Roger Ebert, the Pulitzer Prize-winning film critic of the Chicago Sun-Times who was also known for co-hosting "At the Movies," has died at age 70, the Chicago Sun-Times announced on Thursday, April 4.
Ebert had announced earlier this week that he was taking a "leave of presence" because of a recurrence of cancer.
Ebert was first diagnosed with papillary thyroid cancer in 2002. Throughout the past decade, Ebert has had to undergo several surgeries and has suffered two hip fractures, which has limited his ability to move. He also lost his voice and part of his jaw as a result of the surgeries from his cancer battle.
The writer had announced his "leave of presence" on his blog and said at the time that he was undergoing radiation treatment for cancer that was discovered after he fractured his hip last year.
"It means I am not going away," Ebert wrote on Tuesday, April 2. "My intent is to continue to write selected reviews but to leave the rest to a talented team of writers handpicked and greatly admired by me. What's more, I'll be able at last to do what I've always fantasized about doing: reviewing only the movies I want to review."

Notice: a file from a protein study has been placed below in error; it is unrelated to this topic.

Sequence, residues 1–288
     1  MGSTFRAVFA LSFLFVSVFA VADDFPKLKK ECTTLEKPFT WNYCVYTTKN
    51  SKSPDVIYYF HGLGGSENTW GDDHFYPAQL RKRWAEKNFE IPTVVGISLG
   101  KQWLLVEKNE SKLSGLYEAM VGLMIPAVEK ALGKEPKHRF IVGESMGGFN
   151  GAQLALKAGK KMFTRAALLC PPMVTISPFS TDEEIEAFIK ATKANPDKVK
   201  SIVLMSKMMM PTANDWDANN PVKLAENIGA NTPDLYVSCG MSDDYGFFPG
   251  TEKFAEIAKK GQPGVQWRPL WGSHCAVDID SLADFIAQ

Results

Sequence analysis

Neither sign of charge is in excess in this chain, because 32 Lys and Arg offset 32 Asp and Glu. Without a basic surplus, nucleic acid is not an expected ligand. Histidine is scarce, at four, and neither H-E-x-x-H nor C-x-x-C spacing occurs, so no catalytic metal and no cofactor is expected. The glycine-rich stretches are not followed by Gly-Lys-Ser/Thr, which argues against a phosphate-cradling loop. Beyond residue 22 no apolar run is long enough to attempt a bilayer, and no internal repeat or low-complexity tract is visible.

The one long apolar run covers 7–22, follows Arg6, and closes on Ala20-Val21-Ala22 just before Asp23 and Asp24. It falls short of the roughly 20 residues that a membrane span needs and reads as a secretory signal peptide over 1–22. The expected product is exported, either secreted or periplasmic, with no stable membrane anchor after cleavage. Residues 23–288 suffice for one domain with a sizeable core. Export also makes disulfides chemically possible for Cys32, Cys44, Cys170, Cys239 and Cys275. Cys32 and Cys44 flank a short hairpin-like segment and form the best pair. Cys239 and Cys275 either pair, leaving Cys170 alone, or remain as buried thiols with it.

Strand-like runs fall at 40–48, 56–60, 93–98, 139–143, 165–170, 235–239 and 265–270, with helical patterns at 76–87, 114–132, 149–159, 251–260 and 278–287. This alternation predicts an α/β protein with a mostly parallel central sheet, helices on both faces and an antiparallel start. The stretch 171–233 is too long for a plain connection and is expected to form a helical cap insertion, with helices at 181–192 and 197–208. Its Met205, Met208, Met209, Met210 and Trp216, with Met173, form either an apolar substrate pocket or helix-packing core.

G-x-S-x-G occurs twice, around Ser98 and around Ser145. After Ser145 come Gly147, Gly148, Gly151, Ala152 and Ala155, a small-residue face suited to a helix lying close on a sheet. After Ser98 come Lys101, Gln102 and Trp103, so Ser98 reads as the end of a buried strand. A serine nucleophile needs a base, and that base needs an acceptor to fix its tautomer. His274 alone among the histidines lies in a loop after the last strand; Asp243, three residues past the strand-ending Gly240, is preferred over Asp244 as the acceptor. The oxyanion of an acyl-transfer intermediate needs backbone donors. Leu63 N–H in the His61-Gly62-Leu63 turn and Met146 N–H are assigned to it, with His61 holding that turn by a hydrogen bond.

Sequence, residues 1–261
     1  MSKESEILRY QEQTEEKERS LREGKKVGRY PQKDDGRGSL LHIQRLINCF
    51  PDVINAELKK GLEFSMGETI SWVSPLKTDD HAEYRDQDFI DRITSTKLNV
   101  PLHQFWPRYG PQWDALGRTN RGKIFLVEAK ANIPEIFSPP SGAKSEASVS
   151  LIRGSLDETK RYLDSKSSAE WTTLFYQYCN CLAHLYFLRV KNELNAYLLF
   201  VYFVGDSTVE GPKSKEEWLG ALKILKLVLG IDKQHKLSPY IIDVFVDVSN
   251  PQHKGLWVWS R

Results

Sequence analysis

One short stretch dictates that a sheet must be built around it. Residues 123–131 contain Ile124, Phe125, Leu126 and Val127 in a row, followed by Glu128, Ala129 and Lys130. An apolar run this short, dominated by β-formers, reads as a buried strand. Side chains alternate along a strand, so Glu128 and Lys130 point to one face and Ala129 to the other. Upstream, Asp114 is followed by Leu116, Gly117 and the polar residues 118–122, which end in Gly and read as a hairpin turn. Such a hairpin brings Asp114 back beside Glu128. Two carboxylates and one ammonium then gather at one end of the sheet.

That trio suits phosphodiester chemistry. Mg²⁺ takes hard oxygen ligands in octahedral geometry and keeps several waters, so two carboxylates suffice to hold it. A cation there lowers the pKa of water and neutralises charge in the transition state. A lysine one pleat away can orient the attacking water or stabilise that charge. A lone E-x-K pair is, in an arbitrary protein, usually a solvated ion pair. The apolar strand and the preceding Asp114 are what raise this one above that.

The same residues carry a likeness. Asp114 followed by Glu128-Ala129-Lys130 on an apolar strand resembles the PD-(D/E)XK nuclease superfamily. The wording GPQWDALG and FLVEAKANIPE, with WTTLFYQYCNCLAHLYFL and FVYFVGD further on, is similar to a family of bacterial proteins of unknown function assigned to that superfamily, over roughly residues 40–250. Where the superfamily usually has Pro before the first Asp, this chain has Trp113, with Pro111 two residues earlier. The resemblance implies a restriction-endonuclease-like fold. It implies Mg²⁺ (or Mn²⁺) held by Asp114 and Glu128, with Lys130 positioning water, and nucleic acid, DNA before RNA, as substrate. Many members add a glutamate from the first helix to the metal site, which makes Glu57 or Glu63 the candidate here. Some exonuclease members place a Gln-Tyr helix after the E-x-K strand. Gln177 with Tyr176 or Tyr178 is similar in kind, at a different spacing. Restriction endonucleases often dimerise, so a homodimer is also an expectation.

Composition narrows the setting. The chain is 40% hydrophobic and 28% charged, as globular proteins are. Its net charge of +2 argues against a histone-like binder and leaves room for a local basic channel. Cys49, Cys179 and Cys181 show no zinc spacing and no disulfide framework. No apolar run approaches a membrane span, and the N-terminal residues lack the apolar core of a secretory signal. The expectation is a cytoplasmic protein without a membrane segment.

Ebert became the Chicago Sun-Times' film critic in 1967. He was the first journalist to win a Pulitzer Prize for film criticism and won his award in 1975. Also that year, Ebert and fellow film critic Gene Siskel launched "Coming Soon to a Theater Near You" and it went on to become a syndicated show called "At the Movies with Gene Siskel and Roger Ebert," in 1982. Siskel died in 1999 at the age of 53 after battling brain cancer.(
Ebert is survived by his wife Chaz Hammelsmith Ebert, two step-children and four step-grandchildren. The couple wed in 1992. She said in a statement published by the Chicago Sun-Times that she has lost the love of her life.
"He was happy and radiating satisfaction over the outpouring of responses to his blog about his 46th year as a film critic," she said. "But he was also getting tired of his fight with cancer, and said if this takes him, he has lived a great and full life. We were getting ready to go home today for hospice care, when he looked at us, smiled, and passed away. No struggle, no pain, just a quiet, dignified transition."